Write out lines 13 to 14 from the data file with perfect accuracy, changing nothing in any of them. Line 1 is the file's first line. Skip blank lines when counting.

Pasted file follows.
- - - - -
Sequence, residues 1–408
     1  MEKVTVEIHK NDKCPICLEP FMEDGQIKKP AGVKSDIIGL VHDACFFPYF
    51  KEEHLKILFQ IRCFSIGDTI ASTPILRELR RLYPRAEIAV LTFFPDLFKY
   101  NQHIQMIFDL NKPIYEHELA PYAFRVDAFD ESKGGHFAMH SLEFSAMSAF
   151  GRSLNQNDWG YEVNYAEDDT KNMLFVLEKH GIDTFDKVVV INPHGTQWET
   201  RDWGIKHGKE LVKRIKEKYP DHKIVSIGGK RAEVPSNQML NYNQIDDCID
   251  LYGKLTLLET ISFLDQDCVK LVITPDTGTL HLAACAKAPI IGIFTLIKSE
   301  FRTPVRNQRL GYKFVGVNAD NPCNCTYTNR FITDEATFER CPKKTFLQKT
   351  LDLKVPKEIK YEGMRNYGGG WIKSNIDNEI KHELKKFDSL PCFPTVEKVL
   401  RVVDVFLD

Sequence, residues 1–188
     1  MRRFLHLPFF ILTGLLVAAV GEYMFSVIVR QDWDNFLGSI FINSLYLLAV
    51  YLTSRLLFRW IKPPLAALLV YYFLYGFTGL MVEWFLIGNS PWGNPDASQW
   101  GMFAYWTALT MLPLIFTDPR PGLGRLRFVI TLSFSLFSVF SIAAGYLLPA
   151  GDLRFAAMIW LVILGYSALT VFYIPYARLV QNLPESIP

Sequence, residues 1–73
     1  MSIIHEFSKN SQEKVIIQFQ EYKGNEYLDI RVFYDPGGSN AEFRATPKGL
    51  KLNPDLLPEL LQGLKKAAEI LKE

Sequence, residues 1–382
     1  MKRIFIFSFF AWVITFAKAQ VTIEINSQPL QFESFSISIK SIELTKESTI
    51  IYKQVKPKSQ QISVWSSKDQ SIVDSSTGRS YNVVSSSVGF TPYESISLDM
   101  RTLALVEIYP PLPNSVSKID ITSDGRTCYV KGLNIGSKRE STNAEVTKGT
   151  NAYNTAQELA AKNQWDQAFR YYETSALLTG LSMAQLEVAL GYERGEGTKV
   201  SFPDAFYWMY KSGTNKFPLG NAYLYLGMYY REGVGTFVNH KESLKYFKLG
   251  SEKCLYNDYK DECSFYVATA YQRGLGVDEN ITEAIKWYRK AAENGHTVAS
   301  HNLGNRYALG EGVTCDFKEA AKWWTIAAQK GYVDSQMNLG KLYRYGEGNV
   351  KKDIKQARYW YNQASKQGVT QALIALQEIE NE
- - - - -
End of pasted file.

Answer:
    51  YLTSRLLFRW IKPPLAALLV YYFLYGFTGL MVEWFLIGNS PWGNPDASQW
   101  GMFAYWTALT MLPLIFTDPR PGLGRLRFVI TLSFSLFSVF SIAAGYLLPA